Another three-way merger is on the cards in an effort to secure the long-term future of a Southampton college surviving on government bailouts.
The Department for Education has revealed plans that would see City College Southampton, Eastleigh College and Fareham College in Hampshire create a “single group structure”.
The proposal forms the outcome of the DfE’s long-awaited City-wide Solution (CWS) project Southampton, which got underway in late 2020.
All three colleges said they would now consider the proposal. The DfE has refused to release the project’s report or share details about when the merger could go ahead if agreed by all parties.
Multiple previous merger attempts involving City College Southampton – one of which included Eastleigh College – have been rejected.
This is the second three-way merger proposal on the table for City College Southampton – the previous plan was to join with both Itchen Sixth Form College and Richard Taunton Sixth Form but this was abandoned in 2020.
The FE Commissioner’s team visited Southampton in December 2021 and reported that City College is surviving on emergency money, which has reached £8 million, from the Education and Skills Funding Agency. The funding is due to run out by February 2023.
It is hoped that a three-way merger between City College, Eastleigh College and Fareham College will create a financially strong network of college campuses, which will “improve the quality and breadth of the offer to learners and enable FE to respond better to local and national priorities”, according to a government spokesperson.
All three colleges are relatively small with total annual income ranging from around £15 million to £20 million. City College Southampton recorded a deficit in 2021 of £1.4 million, while Eastleigh had a deficit of £1.8 million last year. Fareham College is yet to file accounts for 2021 but its financial statements for 2020 show a deficit of £500,000.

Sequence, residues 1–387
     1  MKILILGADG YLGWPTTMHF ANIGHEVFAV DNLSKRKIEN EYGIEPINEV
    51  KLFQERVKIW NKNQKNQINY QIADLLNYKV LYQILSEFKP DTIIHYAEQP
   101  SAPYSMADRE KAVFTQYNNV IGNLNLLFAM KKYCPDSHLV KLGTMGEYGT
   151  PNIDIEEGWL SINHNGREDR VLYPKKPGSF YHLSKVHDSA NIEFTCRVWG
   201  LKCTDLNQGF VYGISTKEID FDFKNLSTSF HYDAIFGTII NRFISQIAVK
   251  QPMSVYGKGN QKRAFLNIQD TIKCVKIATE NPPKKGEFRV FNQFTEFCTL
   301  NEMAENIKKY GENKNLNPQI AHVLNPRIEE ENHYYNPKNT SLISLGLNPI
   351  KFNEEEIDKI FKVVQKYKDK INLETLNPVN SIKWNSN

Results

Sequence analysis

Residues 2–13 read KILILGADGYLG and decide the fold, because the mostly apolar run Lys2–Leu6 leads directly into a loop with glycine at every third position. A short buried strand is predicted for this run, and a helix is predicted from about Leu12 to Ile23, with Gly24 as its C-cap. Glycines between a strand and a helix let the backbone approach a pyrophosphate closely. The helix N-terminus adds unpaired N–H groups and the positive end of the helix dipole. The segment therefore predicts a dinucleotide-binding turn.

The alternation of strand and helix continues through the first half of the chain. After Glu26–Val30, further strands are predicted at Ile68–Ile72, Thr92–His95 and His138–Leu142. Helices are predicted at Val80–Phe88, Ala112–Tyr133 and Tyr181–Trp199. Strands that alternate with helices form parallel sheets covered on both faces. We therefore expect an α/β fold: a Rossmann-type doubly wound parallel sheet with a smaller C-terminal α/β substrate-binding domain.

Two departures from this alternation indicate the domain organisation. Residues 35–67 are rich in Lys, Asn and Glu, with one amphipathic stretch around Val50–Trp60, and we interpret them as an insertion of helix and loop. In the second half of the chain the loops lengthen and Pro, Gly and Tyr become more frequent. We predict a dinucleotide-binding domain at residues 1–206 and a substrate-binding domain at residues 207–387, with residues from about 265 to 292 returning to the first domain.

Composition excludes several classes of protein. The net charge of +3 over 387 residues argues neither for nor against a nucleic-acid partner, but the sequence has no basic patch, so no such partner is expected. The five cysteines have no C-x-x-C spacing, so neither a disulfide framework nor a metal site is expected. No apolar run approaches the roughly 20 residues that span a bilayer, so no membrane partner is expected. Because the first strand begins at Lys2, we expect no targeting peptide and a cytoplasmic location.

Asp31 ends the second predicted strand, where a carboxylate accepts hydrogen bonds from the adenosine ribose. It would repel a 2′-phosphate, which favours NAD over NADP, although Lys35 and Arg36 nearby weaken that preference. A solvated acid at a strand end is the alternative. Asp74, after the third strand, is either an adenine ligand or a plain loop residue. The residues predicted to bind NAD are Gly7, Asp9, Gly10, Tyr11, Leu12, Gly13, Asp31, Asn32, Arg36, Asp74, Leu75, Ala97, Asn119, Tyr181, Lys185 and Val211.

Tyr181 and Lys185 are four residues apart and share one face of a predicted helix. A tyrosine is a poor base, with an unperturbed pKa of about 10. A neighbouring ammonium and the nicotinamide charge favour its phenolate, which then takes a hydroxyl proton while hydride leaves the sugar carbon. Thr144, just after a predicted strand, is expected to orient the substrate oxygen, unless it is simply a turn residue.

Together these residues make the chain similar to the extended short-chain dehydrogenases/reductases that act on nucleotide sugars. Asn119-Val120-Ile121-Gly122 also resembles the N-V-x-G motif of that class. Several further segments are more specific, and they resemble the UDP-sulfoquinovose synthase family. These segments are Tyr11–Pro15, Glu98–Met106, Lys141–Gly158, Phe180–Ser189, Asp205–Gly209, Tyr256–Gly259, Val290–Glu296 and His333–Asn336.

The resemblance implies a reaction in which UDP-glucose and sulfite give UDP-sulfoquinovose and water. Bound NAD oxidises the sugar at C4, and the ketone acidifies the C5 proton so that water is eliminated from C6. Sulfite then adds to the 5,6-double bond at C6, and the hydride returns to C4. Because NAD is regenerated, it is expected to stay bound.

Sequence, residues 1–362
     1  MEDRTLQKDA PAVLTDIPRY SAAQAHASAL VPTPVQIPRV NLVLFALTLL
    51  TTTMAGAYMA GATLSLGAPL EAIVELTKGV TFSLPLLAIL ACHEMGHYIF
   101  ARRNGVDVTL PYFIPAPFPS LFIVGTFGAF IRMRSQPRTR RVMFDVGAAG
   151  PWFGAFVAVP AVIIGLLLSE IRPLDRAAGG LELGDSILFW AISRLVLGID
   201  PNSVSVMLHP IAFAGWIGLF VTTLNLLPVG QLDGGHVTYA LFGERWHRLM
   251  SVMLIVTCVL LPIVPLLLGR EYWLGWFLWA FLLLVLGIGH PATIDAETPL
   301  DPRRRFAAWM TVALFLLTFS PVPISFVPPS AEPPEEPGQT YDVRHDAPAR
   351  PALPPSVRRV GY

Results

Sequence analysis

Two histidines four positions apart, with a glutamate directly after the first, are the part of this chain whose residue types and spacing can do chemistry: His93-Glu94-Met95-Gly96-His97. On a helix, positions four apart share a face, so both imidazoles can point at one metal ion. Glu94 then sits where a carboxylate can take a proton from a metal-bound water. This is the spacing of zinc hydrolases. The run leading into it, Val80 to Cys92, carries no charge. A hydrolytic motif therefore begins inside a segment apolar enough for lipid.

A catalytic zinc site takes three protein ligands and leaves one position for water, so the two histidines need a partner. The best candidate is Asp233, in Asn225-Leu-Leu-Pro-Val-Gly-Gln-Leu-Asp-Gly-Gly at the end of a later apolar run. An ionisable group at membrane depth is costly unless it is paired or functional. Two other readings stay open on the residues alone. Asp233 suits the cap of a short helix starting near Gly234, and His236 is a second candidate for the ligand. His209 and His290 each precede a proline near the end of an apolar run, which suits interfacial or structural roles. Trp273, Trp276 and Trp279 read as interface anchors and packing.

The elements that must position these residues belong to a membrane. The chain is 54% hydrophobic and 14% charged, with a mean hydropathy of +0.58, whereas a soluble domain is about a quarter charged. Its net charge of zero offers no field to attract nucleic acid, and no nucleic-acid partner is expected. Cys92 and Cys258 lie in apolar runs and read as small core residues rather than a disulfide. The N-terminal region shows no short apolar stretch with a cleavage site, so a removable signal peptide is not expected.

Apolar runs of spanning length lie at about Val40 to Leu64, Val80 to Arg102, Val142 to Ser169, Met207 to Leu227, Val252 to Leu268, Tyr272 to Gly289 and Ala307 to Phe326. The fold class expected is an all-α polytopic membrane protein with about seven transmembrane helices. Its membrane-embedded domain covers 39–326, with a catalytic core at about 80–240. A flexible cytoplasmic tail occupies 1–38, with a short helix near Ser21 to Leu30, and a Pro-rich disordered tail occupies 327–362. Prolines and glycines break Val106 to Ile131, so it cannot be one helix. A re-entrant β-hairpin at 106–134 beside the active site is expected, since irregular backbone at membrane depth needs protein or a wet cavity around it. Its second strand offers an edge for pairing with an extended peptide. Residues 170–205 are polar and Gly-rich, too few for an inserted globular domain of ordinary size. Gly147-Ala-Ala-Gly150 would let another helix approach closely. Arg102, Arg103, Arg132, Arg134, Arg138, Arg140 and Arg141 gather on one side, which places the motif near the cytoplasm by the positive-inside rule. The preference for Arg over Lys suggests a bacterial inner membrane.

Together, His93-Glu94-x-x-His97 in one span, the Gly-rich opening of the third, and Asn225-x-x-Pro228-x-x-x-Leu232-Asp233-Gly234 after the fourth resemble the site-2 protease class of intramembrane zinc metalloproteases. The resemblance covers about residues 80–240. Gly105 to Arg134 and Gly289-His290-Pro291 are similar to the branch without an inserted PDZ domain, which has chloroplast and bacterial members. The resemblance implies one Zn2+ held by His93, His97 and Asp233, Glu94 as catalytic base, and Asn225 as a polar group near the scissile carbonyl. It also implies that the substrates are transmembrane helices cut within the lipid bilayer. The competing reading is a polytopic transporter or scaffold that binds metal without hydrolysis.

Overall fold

The DfE said it has worked closely with the FE institutions and key partners in the city and the surrounding area, consulting with the Chamber of Commerce, other local education organisations, both of the city’s universities and the city and county councils.
“The colleges in Southampton have a rich history of educating and supporting local people and these proposals are the next step in ensuring they are able to continue to do so, while responding to local needs and remaining financially sustainable,” a DfE spokesperson said.
“We want to thank the partner colleges for their tireless work on this issue so far, and look forward to working with them to deliver the best deal possible for students, colleges and the people of Southampton.”
City College Southampton will be led by deputy FE Commissioner Martin Sim from July, who will replace outgoing principal Sarah Stannard.
In a statement about the latest merger proposal, a City College spokesperson said: “We have been and continue to be committed to working collaboratively with the DfE, stakeholders and partners to achieve an organisation which will deliver high quality, sustainable further education in Southampton and surrounding areas for decades to come.”
Fareham College said the college will discuss the DfE proposals because it is “important to explore all options for strengthening the provision that is currently available and we look forward to working beside the DfE to determine the best way of achieving the desired outcomes for learners in Southampton and beyond”.
And Eastleigh College said: “We recognise the efforts of the past year by the Department for Education, Education and Skills Funding Agency, the FE Commissioner and others in their work to seek to resolve the challenges at City College.
“As we have demonstrated since 2018 we will continue to consider how we can support improvement and deliver an improved position for learners, employers, stakeholders and the city of Southampton. The board will consider the initial ‘City Wide Solution’ proposal in June and will feedback to relevant agencies at that time.”
The DfE said it will announce further developments in “due course”.